• In the third Never Back Down film, a Russian PRIDE veteran is brought to train Brody in sambo leglocks. Only that he's actually a mole sent to cripple him.

Live-Action TV

  • Jason Chambers and Bill Duff of Human Weapon traveled to Russia to train in various styles of sambo, with their trip culminating in Bill going up against a fighter handpicked by MMA legend Fedor Emelianenko.

Video Games

  • Tekken features Sergei Dragunov as a Spetsnaz agent and combat sambo practitioner investigating the events of the games in Japan. His fighting style is a rushdown powerhouse with a lot of throws, strikes and takedowns.

Professional Wrestling

  • The Japanese Universal Wrestling Federation and its many derivatives had many sambo fighters doing pro wrestling for them, starting with renowned Dutch champion Chris Dolman. Its outshoot Fighting Netork RINGS had entire teams of those, with names like Volk Han and Andrei Kopylov standing out in its Russian branch.
  • New Japan Pro-Wrestling mainstay Hiroshi Hase learned sambo in the USSR and used several of its moves. His trainee, Kendo Kashin, got a lot of his moveset from the same place.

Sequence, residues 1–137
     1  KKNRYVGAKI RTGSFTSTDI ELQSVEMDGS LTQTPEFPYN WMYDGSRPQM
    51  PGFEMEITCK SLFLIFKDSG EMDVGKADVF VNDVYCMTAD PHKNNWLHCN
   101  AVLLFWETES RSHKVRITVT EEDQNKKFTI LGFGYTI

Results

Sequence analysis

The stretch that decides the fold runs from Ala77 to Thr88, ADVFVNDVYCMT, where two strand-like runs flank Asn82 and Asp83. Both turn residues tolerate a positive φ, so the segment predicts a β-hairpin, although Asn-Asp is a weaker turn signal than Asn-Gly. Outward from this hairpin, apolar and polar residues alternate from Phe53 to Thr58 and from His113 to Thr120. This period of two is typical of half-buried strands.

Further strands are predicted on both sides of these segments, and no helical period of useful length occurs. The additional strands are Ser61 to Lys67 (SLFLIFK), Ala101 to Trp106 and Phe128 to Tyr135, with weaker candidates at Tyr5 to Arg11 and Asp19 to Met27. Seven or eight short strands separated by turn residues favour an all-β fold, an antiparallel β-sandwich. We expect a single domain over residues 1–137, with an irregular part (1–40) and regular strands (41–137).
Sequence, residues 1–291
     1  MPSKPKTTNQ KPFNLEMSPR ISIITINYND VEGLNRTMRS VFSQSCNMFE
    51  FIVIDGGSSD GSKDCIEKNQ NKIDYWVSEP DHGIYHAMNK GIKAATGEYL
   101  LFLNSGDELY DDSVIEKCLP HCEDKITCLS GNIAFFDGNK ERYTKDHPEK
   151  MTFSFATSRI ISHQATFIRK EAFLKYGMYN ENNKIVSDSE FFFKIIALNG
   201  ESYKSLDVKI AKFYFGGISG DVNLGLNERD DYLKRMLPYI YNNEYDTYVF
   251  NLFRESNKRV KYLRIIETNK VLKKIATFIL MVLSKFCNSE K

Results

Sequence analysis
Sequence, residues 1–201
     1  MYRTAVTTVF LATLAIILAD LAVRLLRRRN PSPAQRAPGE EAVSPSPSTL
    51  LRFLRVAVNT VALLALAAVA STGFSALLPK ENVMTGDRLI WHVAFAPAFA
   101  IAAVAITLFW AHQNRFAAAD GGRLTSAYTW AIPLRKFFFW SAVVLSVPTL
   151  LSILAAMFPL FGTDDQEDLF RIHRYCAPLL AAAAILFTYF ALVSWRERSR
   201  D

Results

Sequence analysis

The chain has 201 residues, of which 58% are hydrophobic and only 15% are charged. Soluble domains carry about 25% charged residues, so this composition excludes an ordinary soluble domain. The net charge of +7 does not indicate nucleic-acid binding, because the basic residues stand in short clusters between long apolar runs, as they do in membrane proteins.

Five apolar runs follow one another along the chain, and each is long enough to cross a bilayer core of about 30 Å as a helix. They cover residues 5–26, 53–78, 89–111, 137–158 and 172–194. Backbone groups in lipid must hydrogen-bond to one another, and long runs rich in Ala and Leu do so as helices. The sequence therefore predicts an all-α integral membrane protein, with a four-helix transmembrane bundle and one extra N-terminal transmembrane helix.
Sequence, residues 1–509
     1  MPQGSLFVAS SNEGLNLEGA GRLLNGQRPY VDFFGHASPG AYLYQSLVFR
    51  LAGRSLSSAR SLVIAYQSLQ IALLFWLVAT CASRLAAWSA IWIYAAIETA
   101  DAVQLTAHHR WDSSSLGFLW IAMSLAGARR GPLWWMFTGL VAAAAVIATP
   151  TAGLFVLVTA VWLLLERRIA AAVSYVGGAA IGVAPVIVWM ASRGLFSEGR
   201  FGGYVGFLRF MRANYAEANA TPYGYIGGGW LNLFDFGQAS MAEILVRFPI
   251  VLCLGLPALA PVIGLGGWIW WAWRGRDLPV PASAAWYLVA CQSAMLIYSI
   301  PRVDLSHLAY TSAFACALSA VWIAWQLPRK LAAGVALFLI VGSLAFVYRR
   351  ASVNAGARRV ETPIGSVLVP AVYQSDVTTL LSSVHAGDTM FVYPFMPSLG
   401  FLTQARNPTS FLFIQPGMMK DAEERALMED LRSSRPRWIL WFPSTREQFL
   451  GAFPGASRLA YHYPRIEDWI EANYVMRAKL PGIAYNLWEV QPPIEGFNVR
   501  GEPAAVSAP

• The late Fumihiro "Sambo" Asako was a sambist turned wrestler in FMW.
  • Goldberg had some sambo influence on his moveset, including some rolling leglocks he learned in tapes.
  • Tom Howard, an American wrestler with a sambo background, made usage of his sweeps and leglocks in Ultimate Pro Wrestling and Pro Wrestling ZERO1.
  • Kaientai Dojo junior Makoto Oshi also had a background in sambo, and uses its suplexes in the ring. He even used to go under the name of Sambo Oishi.
  • Boris Alexiev, the old shooter gimmick of Santino Marella, was billed as a practitioner of sambo (and several other styles).
  • After he was moved to WWECW, Vladimir Kozlov started wearing red robes and gear reflecting his real life sambo background, although he used little actual sambo in his wrestling style.

Western Animation